IT HAPPENED TO ME: I'm a Person of Color from a Low-Income Family and I'm Attending a Rich, White Prep School

Each day, I felt like an interloper at an exclusive party, and all the guests were waiting for me to leave.
Publish date:
February 5, 2016
private schools, race, school, class differences

I never considered myself much of a rebel until now. My dark skin and kinky hair make me somewhat of an insurgent at my lily-white Midwestern prep school. Even more than that, it's my off-brand clothing, my scholarships, my single mother and our lower-class status. I feel confronted by this contradiction, not only between myself and those around me, but also internally, as though the pull of each force will tear me apart.

My family's financial situation has always been precarious ever since my father died some 14 years ago. With nothing but a high-school education to her name, my mother was broke and burdened with two young children. She found work at a thrift store and enrolled herself in college, leaving at dawn and returning only in pitch blackness. In the morning, her eyes were crusted over with sleep, and at night, they were bloodshot.

Mom took on a bit of a mythical status. I barely saw her, and when I did, there was an aura of stress about her. Looking back, I certainly can't blame her, as we were steadily approaching dire straits. At the time, however, my sister and I became cautious around our mother, afraid one misstep might push her over the edge. After all, we had already lost dad, and we couldn't lose her, too.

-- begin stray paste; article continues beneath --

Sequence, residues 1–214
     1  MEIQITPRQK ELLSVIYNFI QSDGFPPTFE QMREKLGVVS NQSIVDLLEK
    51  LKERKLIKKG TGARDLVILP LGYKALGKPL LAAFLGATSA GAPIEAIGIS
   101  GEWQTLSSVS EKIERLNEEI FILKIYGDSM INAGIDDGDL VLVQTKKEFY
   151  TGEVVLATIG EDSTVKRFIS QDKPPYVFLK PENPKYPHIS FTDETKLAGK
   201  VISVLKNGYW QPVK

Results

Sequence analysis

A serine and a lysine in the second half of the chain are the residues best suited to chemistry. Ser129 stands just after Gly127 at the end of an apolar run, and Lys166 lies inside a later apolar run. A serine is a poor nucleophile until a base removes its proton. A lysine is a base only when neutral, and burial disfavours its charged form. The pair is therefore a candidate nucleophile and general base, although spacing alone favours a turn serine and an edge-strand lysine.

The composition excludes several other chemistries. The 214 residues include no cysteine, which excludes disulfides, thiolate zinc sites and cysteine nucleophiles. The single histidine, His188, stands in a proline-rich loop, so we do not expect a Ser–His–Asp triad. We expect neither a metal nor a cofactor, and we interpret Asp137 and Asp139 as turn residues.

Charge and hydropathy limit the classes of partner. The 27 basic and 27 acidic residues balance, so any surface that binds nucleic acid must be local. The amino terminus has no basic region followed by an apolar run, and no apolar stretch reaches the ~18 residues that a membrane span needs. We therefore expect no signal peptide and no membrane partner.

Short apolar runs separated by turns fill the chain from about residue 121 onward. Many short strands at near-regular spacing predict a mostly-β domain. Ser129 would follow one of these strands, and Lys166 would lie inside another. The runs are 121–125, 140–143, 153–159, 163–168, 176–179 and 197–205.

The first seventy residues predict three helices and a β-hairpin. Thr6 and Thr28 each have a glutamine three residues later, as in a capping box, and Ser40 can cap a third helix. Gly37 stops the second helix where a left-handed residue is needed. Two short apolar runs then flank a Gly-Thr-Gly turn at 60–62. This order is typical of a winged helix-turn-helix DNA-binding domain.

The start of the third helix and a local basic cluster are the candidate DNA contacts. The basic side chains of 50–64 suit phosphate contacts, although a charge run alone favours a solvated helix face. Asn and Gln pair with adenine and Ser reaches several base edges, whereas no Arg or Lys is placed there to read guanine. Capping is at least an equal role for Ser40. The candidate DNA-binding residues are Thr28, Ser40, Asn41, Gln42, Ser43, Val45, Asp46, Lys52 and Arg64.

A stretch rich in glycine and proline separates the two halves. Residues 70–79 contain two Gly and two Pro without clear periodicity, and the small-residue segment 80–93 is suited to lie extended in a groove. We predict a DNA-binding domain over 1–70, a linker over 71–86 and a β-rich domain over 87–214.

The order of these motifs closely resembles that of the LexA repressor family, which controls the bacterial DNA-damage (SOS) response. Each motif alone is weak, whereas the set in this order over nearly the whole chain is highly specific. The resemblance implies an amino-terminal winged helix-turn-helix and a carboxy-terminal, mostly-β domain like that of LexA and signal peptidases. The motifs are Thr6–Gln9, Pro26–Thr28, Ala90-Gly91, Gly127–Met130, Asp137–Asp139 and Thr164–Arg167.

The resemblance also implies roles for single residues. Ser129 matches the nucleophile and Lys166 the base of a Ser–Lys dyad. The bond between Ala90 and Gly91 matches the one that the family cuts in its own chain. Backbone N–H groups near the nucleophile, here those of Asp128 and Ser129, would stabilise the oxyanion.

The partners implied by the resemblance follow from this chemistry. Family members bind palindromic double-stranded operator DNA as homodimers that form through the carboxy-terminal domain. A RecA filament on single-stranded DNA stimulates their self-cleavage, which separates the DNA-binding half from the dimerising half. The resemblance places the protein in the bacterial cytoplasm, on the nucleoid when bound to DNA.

We lived in a small, low-income townhouse, surrounded by plenty of children. Some were first-generation immigrants, their parents presenting me and my sister with exotic sweets or trinkets. Others were latch-key kids like us, their parents absent due to work, alcohol or their relationships.

There was a sense of community, built upon the fact that even if we didn't have much, we still had each other.

That all changed when I befriended a girl at my elementary school. Wealthy, white and with two parents present, she was my exact opposite. At first, this didn't bother me, but as I visited her house — or rather, mansion — I couldn't help feeling a sense of shame. Knowing that people could live like this, knowing that I sometimes went hungry, knowing that I was condemned to live a certain way through no fault of my own fed into insatiable bitterness.

Whenever Mom brought in bags from the food bank, I had to leave the room. Their appearance only served as concrete reminders that this was my reality. During a particularly tough year, I remember my only birthday presents being a used edition of Tuck Everlasting and a stuffed toy that looked like it came from a Happy Meal. To make matters worse, Mom had yelled at me after I lost and found a dollar, screaming that she couldn't even put bread on the table.

This continual burden led me to pledge that I'd escape this situation. Never again would I worry about where food would come from or if the lights would stay on. I knew that an education was the only way to escape our fate, and I remember straining to stay awake and study during freshman year. Failure meant more than an F. It was a permanent condemnation to my destiny.

Perhaps my mom sensed this, too, because she found a prep school that she wanted me to attend. I was incredulous at first. Those schools weren't made for people like us, and I felt that it'd almost be a transgression to go to one. Still, she always found an opportunity to nestle it into conversation, and soon it became my obsession. Maybe, I thought, this could be a stepping stone. Maybe I could save our family.